Wetarese language

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Wetarese
Wetar
Tutunohan
Native toEast Timor, Indonesia
RegionWetar Island, Atauro Island, Laclo
Native speakers
(11,000 cited 1990–2010)[1]
Language codes
ISO 639-3Variously:
apx – Aputai
ilu – Ili'uun
wet – Parai
tzn – Tugun
adb – Atauran
Glottologweta1245
ELPAputai

Wetarese is an Austronesian language of Wetar, an island in the south Maluku, Indonesia, and of the nearby islands Liran and Atauro, the latter in East Timor north of Dili.[2]

Background[edit]

The four identified principal varieties of Wetarese on Wetar are distinct enough that some may consider them to be different languages. Half of Wetarese speakers live on the island of Atauro in East Timor, where three similar dialects (presumably of Ili'uun) are spoken: Rahesuk in the center, Resuk in the southeast, and Raklungu (or 'Adabe') in the southwest.[2] Dadu'a in the extreme north is a subdialect of Rahesuk, and has been reported to be intelligible with the Ili'uun of Liran Island. About half the Dadu'a population has moved to Timor, on the coast of Manatuto district, where it has undergone influence from Galoli.[3]

Wetarese is closely related to Galoli, spoken on the north coast of East Timor and by an immigrant community on the south coast of Wetar.

Adabe "language"[edit]

The Raklungu dialect of Atauro, or Klu'un Hahan Adabe, was mistaken for a Papuan language by Antonio de Almeida (1966) and reported as "Adabe" in Wurm & Hattori (1981). Many subsequent sources propagated this error, showing a Papuan language on Atauro Island.[4] Geoffrey Hull, director of research for the Instituto Nacional de Linguística in East Timor, describes only Wetarese being spoken on Ataúro Island, and was unable to find any evidence of a non-Austronesian language there.[2]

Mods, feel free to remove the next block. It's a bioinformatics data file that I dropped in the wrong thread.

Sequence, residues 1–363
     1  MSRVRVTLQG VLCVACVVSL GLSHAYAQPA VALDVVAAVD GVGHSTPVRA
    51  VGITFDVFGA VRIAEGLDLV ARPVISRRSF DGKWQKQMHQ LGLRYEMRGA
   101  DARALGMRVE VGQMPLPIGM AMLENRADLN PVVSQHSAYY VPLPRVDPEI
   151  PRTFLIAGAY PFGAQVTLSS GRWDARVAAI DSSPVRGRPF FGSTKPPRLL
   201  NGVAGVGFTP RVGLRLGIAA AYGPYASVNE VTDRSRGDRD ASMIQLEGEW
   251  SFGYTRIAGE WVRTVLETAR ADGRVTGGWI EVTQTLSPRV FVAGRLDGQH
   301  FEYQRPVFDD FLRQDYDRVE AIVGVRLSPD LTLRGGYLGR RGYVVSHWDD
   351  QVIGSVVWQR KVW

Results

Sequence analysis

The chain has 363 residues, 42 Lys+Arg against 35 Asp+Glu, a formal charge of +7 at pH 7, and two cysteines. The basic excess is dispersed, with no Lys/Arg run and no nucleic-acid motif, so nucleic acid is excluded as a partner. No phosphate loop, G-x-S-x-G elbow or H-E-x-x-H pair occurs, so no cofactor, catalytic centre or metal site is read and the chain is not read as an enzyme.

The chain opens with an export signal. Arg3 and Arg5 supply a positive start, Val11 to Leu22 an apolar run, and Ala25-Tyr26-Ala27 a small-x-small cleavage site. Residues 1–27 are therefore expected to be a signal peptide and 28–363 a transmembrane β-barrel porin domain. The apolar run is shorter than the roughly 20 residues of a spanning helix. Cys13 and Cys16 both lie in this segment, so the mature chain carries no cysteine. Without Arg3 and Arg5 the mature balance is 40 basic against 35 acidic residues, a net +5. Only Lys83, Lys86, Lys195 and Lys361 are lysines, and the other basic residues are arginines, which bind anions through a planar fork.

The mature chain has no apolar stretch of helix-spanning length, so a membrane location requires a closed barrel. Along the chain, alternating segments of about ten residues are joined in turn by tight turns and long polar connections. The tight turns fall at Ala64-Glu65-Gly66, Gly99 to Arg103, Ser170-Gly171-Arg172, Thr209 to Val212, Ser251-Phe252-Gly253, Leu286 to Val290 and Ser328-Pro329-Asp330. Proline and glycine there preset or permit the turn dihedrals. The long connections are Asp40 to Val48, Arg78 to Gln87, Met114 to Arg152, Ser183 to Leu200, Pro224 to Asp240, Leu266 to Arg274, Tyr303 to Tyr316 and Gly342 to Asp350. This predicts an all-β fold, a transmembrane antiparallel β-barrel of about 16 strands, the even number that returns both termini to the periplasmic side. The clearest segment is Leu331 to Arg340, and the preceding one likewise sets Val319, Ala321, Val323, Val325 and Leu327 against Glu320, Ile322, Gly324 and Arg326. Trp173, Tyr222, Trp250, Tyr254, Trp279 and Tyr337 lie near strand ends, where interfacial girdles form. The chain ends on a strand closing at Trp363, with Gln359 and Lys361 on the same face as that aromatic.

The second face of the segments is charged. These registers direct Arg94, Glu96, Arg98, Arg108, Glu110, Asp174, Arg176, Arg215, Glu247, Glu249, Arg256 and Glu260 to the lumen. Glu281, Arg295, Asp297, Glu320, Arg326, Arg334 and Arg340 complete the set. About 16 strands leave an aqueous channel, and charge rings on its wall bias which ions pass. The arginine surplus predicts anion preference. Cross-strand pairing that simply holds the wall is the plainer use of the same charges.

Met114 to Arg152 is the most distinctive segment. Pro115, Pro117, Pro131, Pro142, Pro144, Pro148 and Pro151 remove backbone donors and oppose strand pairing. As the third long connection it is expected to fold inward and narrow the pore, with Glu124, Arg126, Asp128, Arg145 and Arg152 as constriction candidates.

Phonology[edit]

The following represents the Tugun dialect:[5]

Consonants[edit]

Consonant phonemes[5]
Labial Alveolar Palatal Velar Glottal
Plosive voiceless p t k ʔ
voiced ɡ
Fricative voiceless f s h
voiced v
Nasal m n ŋ
Tap/Trill ɾ ~ r
Lateral l
  • /v/ may also be heard as [w] in free variation.[5]
  • /r/ is mainly heard as [r] in word-final position or in slower speech, it is heard as [ɾ] elsewhere.[5]
  • /ʔ/ only occurs in word-medial positions.[5]

Vowels[edit]

Vowel phonemes[5]
Front Central Back
Close i u
Close-mid e o
Open a
  • Sounds /e u/ are also heard as [ɛ ʊ].[5]

Citations[edit]

  1. ^ Aputai at Ethnologue (18th ed., 2015)
    Ili'uun at Ethnologue (18th ed., 2015)
    Parai at Ethnologue (18th ed., 2015)
    Tugun at Ethnologue (18th ed., 2015)
    Atauran at Ethnologue (18th ed., 2015)
  2. ^ a b c Hull, Geoffrey (2002), The Languages of East Timor: Some Basic Facts (PDF), Instituto Nacional de Linguística, Universidade Nacional de Timor Lorosa'e
  3. ^ "Numeral Systems of the World's Languages > Dadu'a". mpi-lingweb.shh.mpg.de. Retrieved 2019-11-26.
  4. ^ Ethnologue (2013), for example, shows "Adabe" being spoken on central Atauro, in the area of Raklungu, and lists the population and all three dialects of Atauro Wetarese as being Papuan Adabe.
  5. ^ a b c d e f g Hinton (2000), p. 115

References[edit]

  • Hinton, Bryan D. (2000). "The languages of Wetar: recent survey results and word lists with notes on Tugun grammar". In Grimes, Charles E. (ed.). Spices from the East: Papers in Languages of Eastern Indonesia. Canberra: Pacific Linguistics. pp. 105–129. doi:10.15144/PL-503.105. hdl:1885/146101.

External links[edit]